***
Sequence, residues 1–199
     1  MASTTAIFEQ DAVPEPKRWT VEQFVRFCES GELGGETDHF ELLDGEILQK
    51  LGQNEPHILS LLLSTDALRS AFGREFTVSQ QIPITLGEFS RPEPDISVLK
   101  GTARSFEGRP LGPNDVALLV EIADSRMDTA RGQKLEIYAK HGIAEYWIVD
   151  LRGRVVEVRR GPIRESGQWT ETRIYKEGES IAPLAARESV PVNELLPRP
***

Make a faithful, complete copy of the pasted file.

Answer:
Sequence, residues 1–199
     1  MASTTAIFEQ DAVPEPKRWT VEQFVRFCES GELGGETDHF ELLDGEILQK
    51  LGQNEPHILS LLLSTDALRS AFGREFTVSQ QIPITLGEFS RPEPDISVLK
   101  GTARSFEGRP LGPNDVALLV EIADSRMDTA RGQKLEIYAK HGIAEYWIVD
   151  LRGRVVEVRR GPIRESGQWT ETRIYKEGES IAPLAARESV PVNELLPRP